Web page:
In the author’s view, the lack of mention (in this case of Sepphoris) in the text is a factual omission, an omission so significant, that the text cannot possibly be understood without being informed by some method of cultural and social reconstruction via the archaeological data. Of course, when the text of Scripture is viewed as just another “source document” and not a thoroughly reliable one at that, such conclusions are to be expected. That the biblical text is not exhaustive in terms of the history and events it covers is certainly without question and even admitted by the biblical writers themselves (John 20:31; 21:25). In the OT era the famous battle of Qarqar (853 B.C.), where Ahab, the well-known king of Israel, led a coalition that defeated the then-emerging Assyrian Empire, is an example of a famous and politically significant incident that receives no mention at all. But such omissions do not contain material or information that is of primary importance in arriving at a proper exegesis of the text. The same can be said for Jesus and Sepphoris; apparently no ministry or other issue of significance occurred there that the inspired writers were led to include.
In chapter six the author endeavors to give a geographic location of “Q” in terms of its literary center and the influences of the surrounding culture on the writing itself. As an underlying assumption, the author makes an interesting admission when he says,
The first assumption about the nature of Q is that it was a literary document written in Greek. Although the early sayings may well have been first articulated in Semitic, attempts to uncover a written Aramaic Vorlage behind Q have failed. Q, therefore, must be located in an area where at least some level of Greek literacy existed (214-15).
The author then moves to postulate a Galilean locale for Q and, in so doing, recasts Jesus from Messiah and Savior to a socio-religious Galilean activist opposed to urbanization and economic policies of Herod Antipas.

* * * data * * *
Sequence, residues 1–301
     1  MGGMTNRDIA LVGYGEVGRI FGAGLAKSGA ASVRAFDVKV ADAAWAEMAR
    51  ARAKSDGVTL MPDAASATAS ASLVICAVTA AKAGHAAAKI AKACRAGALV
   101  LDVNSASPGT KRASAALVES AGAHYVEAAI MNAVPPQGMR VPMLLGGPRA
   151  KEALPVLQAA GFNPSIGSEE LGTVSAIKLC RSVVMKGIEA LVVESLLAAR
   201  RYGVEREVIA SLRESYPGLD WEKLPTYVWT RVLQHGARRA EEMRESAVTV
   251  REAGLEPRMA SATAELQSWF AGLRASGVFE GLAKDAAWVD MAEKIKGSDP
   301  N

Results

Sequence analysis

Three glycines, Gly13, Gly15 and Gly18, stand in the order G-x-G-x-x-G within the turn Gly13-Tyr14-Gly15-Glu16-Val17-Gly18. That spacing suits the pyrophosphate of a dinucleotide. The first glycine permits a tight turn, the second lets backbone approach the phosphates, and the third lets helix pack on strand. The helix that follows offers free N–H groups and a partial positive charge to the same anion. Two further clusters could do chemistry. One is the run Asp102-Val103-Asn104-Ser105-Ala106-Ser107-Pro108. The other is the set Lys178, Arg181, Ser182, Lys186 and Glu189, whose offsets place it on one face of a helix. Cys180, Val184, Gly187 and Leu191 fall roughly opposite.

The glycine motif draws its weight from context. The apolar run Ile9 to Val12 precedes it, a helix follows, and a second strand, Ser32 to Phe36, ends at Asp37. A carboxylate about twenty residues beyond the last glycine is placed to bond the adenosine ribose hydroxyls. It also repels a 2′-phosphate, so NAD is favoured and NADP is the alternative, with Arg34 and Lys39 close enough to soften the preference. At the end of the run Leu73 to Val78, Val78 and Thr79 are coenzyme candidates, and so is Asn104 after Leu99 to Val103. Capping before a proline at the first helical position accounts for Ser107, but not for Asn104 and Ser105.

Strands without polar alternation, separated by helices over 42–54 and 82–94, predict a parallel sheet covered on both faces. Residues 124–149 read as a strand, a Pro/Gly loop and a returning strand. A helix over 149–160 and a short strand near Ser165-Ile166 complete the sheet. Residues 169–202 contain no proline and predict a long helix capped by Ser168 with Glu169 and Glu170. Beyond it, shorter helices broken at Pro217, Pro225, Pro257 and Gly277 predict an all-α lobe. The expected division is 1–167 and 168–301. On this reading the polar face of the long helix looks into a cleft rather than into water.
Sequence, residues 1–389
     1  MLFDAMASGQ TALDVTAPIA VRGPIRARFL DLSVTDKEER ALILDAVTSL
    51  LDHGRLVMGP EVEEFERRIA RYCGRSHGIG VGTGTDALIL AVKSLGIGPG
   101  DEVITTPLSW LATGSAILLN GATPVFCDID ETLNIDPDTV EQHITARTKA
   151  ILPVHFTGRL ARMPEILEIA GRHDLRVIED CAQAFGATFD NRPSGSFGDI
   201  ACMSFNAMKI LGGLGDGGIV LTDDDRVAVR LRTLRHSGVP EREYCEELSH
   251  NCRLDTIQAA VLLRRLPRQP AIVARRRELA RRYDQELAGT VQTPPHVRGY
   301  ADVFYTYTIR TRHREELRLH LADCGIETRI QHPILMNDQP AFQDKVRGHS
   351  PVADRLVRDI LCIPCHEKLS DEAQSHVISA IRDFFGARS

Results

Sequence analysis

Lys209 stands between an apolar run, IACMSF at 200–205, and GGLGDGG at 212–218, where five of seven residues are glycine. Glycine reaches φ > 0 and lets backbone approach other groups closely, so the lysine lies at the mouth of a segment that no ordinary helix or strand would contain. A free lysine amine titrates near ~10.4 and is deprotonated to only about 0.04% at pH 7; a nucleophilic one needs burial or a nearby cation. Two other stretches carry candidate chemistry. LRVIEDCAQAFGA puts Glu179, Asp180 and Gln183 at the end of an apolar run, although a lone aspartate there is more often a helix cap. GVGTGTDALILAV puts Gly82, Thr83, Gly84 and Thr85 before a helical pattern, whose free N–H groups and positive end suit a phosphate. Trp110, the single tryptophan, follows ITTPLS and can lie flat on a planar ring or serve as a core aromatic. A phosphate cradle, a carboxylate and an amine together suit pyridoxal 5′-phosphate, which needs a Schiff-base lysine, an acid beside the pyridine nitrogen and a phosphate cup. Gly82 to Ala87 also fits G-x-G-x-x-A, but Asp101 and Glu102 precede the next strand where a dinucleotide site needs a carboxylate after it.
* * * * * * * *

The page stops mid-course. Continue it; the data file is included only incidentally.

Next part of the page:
In terms of the collection of information with interesting and, in some cases perhaps illuminating parallels, the author has done a service to the scholarly discussion. His comments as to the failure of the purely literary efforts to locate the “historical Jesus” are incisive and in many ways condemnatory of that process. However, he himself is following the same path as those on the Jesus Seminar quest. The Jesus Seminar approaches “simply introduce new methods or innovative theories to analyze these texts” (214). This author, in the blending of social science theories from cultural geography, sociology, and the like with the interpretative process of archaeology, has simply created a “new method or innovative theory” to interpret the archaeological data. This is most clearly seen when he criticizes strict examination of the text in terms of its geographical data: “This strict empirical approach neglects the intricate blending between the literary and symbolic worlds and adds little to an understanding of the community’s perspective on the world” (172). His concept of keeping in mind the “distinctions between the ‘textual world,’ ‘symbolic world,’ and ‘concrete world’” in evaluating the textual and archaeological data is reminiscent of Origen’s “Threefold Sense of Scripture,” now transposed into the archaeological method.
The author’s insight that the literary attempts to find the “historical Jesus” have, for the most part, failed is certainly valid. His solution, however, to further subjugate the text of Scripture under another layer of interpretation from another ancillary discipline is certainly invalid and wholly unsatisfactory. If this book marks a trend to move further away from Scripture to prop up the superstructure of historical criticism, it is a most unwanted trend, and one evangelicals will need to be wary of.